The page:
Tuesday, July 14, 2009

Writing A Book

Writing A Book

Your Unfinished Life: The Classic and Timeless Guide to Finding Happiness and Success Through Kindness is my fifth book. As in writing any book, you learn more each time you do one. I'm sure there are many current writers out there, as well as many others who have thought about doing a book. The purpose of this post is to share some of what I've learned so that perhaps it might help and encourage you.

Writing a book is the easy part - and that’s not too easy. Selling it is the hard part. Author Hugh McLeod expresses a truism in his “The Sex and Cash Theory” (Ignore Everybody and 39 Other Keys To Creativity):

“The creative person has two kinds of jobs – One is the sexy, creative kind. Second is the kind that pays the bills. Sometimes the task at hand covers both bases, but not often.”

So it's important to enjoy what you are doing and to be able to derive value from things other than monetary rewards, or even monetarily breaking even, because more often than not, that's not going to happen, not at least without a lot of continuing hard work on your part. Selling books is like riding a bike. When you stop pedaling, you fall down.

This blog expresses what my experience in writing books has been. Writing is work, but it's also great fun and very rewarding, if you are inspired by your subject and want to share your knowledge, create an atmosphere or do whatever else is important to you. I certainly am no great success at selling books, but I think there is much to be learned on what not to do, as well as what to do, and I'll be covering that next time.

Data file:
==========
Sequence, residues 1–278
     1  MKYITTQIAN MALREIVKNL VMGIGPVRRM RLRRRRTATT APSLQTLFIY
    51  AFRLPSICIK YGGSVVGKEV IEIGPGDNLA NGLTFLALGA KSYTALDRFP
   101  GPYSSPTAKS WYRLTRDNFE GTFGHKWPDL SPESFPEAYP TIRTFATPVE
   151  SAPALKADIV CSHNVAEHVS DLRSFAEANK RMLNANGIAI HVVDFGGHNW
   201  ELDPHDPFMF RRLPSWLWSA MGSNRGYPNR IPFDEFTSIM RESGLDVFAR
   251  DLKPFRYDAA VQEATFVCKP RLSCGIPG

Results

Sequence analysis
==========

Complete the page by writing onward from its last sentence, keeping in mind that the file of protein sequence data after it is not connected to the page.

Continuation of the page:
This blog is targeted toward writing non-fiction, although much of it will be applicable to writing fiction too. Here are some thoughts I hope may help you:

  • Write about what interests you - what you think will help, inspire or educate, not what “will sell”. Of course, if you can pull both of them off at the same time, all the better. It’s important to have psychic income from what you do. That way even if you don’t make much money, or any money, you will still feel as if you have done something worthwhile and will be leaving a legacy that can help others long after you’ve gone ahead.
  • Avoiding Regrets – From Larry King’s My Remarkable Journey:
    One of his eight marriages was to Sharon: “Sharon’s father was an amateur baseball player and he was pretty good. But he went into the Marines, and afterward his father made him take a job in the post office. One time, I took him to an Orioles game. We were on the field during batting practice, standing behind the cage, watching the players hit. It was a typical scene you see year after year, game after game. But as I turned toward Sharon’s father, I saw tears running down his face. I said, ‘What’s the matter?’ He said, ‘I should have tried.’ I’ll never forget that. I may have regrets. But one thing I’ll never have to say is I wish I had taken the risk.”

    Keep that in mind, whether you’re thinking about writing a book, starting to paint, traveling or something else you'd like to do. What you want to avoid is “The Longest Rock” – sitting in a rocking chair when you’re 79, wishing you had done something, but knowing that it’s too late to do anything about it now. Discipline yourself to do what you need to do. At least you'll know you tried.